How To Properly Try, Test & Smell Fragrances & Colognes Before Buying Them
How To Properly Try, Test & Smell Fragrances & Colognes Before Buying ThemCharles-Philippe2019-11-20T11:54:59-05:00
When confronted by the plethora of fragrances available, it can be overwhelming to choose one that’s right for you. There’s so much to choose from and it can be really challenging to find one that resonates with your personal identity.
You can read all of the fragrance reviews that we have written to help. Still, fragrances are a deeply personal and sometimes pricey commodity.
In this tutorial, you will learn the best methods and steps for properly testing a perfume or cologne.
This page even features a handy infographic guide that you can use for easy reference. Simply continue reading our jump to the section that interests you the most:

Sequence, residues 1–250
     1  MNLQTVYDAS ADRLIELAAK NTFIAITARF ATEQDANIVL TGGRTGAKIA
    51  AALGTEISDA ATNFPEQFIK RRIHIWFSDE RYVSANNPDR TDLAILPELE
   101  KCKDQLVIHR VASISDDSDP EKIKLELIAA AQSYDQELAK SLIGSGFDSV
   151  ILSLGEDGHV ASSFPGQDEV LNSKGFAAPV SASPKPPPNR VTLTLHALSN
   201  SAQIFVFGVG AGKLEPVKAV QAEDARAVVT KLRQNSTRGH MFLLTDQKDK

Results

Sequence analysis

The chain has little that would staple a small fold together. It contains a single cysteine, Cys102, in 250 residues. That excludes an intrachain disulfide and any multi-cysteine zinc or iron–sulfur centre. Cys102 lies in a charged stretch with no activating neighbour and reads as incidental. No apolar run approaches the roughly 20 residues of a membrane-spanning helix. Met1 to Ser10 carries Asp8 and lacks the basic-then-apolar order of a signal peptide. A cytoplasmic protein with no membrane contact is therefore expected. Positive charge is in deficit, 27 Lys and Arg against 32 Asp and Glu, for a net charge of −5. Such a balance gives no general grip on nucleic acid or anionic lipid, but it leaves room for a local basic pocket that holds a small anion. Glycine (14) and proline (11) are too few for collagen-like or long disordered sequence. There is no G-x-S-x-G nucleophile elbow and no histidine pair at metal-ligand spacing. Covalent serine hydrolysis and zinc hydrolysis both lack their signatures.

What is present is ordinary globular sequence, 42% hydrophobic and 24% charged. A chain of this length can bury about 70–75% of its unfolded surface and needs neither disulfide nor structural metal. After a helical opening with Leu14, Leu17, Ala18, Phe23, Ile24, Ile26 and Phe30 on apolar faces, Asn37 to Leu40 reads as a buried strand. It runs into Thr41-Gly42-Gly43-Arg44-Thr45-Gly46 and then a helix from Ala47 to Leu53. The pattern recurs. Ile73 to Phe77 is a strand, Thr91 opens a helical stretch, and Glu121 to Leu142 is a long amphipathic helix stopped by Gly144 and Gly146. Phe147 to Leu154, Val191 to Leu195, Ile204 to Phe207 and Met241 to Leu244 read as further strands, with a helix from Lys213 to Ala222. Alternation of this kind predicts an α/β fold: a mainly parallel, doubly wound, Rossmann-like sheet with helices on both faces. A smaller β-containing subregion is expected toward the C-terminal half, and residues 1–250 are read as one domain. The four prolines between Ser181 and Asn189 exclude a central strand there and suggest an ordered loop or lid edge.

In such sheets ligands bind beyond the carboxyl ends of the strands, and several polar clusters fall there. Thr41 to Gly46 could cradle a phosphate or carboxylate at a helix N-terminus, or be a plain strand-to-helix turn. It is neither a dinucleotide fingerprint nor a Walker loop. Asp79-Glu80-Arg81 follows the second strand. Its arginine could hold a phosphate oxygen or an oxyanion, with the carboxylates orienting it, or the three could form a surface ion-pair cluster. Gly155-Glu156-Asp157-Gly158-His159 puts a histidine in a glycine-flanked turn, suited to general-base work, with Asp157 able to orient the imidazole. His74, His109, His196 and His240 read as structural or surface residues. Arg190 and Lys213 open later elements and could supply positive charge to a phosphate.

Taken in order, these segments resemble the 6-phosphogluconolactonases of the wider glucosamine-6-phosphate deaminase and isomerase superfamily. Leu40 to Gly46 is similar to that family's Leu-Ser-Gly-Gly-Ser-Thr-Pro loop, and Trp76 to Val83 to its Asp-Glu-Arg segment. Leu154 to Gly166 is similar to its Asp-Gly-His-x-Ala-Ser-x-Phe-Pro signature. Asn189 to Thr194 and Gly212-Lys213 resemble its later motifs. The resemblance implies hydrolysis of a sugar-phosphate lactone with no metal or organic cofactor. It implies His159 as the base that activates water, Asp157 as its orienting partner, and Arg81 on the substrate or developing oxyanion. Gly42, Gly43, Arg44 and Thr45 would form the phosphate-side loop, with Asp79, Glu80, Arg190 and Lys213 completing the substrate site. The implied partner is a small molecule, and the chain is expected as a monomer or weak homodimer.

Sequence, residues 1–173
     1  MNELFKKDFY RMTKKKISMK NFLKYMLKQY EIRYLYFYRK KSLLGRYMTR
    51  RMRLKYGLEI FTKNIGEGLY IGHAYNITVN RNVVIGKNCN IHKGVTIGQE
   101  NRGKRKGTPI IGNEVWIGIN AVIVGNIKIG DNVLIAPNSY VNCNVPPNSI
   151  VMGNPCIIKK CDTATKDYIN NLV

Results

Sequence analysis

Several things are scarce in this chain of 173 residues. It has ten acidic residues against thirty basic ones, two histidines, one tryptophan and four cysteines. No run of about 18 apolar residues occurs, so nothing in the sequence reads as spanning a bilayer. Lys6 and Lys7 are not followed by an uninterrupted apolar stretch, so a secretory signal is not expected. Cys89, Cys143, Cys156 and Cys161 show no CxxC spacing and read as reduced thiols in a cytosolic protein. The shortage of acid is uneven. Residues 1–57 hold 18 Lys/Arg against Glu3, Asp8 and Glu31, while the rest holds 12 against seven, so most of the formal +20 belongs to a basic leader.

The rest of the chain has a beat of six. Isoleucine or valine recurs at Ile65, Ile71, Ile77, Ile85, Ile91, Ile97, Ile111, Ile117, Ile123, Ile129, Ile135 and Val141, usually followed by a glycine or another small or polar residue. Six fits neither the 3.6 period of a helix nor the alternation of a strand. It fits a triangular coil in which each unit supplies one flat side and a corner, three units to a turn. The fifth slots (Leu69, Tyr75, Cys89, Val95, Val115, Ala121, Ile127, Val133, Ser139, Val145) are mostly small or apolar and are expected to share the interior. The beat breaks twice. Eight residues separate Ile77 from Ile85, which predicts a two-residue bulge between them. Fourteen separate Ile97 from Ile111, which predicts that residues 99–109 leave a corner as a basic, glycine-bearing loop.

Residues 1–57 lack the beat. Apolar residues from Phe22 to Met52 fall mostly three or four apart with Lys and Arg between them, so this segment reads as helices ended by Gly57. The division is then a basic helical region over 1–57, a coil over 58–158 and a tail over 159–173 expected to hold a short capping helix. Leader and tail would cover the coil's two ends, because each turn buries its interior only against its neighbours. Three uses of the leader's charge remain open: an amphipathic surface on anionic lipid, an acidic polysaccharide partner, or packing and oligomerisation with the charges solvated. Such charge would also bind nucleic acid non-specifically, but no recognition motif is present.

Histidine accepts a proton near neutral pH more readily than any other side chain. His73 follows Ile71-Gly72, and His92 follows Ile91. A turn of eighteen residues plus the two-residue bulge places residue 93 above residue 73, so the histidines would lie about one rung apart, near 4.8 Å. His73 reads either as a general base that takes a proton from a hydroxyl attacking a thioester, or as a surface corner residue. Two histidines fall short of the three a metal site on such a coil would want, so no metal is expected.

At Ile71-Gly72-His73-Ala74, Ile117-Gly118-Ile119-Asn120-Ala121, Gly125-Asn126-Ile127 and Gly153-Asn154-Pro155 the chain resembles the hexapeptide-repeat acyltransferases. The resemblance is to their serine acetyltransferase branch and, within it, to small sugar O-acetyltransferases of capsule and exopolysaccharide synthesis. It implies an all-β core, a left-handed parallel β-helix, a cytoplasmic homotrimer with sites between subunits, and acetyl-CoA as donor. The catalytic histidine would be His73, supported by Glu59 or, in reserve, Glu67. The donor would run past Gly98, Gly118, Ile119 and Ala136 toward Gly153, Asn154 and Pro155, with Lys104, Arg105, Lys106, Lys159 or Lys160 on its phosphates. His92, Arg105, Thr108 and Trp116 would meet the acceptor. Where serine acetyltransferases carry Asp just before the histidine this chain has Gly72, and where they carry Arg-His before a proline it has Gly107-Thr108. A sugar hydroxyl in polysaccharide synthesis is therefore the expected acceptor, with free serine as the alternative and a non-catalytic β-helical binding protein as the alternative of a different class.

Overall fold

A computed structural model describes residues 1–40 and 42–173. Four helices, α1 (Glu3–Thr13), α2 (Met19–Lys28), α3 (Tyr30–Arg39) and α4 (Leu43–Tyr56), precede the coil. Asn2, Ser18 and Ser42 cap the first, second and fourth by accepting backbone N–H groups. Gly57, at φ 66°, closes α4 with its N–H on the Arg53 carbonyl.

Paper blotters are by far the simplest and most common tool for testing fragrances. Paper blotters are white pieces of card on which you spray a fragrance in order to test it.
Using a blotter ensures is quite clean as you don’t get any fragrances on you. Furthermore, they’re usually available to use freely at most perfume stores.
However, they aren’t always decent quality and if you’re testing a number of them, you might want to write their names on the paper.